Last week, during the National Reconciliation Week, our school along with the Faculty of Science hosted a lunch time panel, led by Rebecca Harcourt from Deadly Science and UNSW Business School .

Through the hour long session, we heard from Biripi woman Leanne Howard and Kamilaroi man Matt Taylor, both UNSW alumni, about their journey, the challenges they’ve faced, their successes and how we can all engage in reconciliation to honour Aboriginal & Torres Strait Islander history and voices.

Photos from reconciliation lunch time panel

Leanne and Matt both spoke about how important it is for them to feel a sense of belonging and connection with their Indigenous heritage but also sharing their story with the community. Matt particularly touched on the support provided by UNSW, through Nura Gili’s various education programs such as the Winter School and Indigenous Pre-programs that inspired and showed him and other students that going to university is achievable for young Aboriginal & Torres Strait Islanders.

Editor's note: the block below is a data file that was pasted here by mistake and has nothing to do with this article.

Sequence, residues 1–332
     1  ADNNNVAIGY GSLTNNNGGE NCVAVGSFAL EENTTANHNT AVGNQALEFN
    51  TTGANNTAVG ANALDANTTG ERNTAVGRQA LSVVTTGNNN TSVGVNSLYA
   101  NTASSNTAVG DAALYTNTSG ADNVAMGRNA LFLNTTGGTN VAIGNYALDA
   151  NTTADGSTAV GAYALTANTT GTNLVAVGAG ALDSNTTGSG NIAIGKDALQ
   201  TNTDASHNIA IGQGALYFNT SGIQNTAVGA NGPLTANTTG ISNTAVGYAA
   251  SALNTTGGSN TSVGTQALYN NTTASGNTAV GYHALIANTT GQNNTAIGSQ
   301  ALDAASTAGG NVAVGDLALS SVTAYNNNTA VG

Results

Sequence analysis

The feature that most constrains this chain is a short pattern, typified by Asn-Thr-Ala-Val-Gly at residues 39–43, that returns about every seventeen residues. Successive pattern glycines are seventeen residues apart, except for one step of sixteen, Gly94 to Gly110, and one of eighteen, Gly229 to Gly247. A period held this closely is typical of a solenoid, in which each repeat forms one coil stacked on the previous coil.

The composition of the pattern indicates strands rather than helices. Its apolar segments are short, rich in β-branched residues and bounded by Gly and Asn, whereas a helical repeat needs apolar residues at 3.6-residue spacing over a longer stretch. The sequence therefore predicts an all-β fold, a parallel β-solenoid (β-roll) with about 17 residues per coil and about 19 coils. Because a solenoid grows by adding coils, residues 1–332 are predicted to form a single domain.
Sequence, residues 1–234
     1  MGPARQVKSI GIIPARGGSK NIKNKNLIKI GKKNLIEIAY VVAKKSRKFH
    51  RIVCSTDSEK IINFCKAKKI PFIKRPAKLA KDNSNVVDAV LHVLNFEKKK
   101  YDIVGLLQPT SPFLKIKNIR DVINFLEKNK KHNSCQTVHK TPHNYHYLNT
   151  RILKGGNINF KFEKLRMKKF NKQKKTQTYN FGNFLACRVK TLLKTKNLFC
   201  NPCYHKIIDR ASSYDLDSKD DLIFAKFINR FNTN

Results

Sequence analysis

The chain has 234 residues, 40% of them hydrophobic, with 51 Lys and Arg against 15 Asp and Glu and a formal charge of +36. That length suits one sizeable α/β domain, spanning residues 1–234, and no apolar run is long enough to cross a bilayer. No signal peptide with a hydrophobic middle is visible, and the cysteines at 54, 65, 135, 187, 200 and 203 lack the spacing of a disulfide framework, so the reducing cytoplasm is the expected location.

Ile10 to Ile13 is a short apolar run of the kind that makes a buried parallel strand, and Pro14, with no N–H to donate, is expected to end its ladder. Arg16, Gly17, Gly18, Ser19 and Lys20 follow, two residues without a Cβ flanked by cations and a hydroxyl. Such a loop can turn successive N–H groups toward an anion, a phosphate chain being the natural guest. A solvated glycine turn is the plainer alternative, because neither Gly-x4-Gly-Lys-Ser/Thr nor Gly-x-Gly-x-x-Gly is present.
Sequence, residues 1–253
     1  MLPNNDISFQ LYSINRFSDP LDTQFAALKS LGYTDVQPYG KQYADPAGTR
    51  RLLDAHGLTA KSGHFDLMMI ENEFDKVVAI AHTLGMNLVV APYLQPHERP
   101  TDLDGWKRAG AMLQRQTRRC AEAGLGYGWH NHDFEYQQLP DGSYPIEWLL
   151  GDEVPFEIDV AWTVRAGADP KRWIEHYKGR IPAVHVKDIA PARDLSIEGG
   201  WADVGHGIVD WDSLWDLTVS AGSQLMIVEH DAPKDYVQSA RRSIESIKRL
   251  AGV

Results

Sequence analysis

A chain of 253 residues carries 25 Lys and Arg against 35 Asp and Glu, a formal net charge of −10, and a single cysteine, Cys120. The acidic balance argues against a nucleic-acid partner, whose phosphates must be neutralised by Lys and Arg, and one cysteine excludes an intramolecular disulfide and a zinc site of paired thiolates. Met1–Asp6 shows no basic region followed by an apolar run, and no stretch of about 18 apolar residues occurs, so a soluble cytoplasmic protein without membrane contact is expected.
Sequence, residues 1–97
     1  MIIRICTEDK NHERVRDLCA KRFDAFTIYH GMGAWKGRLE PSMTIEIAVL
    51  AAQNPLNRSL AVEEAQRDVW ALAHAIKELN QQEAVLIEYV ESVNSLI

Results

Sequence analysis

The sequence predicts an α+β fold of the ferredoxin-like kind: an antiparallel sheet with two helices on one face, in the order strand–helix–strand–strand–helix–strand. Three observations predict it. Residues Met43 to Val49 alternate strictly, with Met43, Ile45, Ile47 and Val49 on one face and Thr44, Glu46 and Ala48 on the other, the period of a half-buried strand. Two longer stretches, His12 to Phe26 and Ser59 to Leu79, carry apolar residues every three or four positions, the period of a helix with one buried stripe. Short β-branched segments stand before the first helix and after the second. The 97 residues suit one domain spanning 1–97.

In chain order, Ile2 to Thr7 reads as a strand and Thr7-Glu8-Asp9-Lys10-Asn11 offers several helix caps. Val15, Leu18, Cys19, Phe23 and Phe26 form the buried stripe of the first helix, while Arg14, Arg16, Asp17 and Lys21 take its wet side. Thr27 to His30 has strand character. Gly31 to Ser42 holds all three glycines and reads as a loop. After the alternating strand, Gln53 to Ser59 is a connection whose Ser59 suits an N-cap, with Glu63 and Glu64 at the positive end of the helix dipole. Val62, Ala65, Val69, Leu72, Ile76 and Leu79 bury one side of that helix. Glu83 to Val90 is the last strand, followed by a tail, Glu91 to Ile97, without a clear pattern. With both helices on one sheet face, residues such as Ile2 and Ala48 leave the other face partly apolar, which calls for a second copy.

On the topic of Western vs Non-western Sciences, they both said that we should look into how the Aboriginal & Torres Strait Islander people interacted with the environment, their sustainable practices and perspectives. As after all, they have lived on this land longer than we have.

And the best way to help the Indigenous community is to get involved, either by participating in programs led by or supporting Indigenous Australians. Both Leanne and Matt have given back to the community that has supported them by helping, volunteering, and educating whenever the opportunity arises.

If you missed out on attending last week or would like to listen to the discussion again, you can view the recording here.

The slides with links to video and additional resources can be accessed below,

First Scientists, Reconciliation & Truth Telling. Provided by R. Harcourt


More information about the Nura Gili can be found here

Special thanks to Rebecca Harcourt and Dr. Damia Mawad for organising this enlightening event.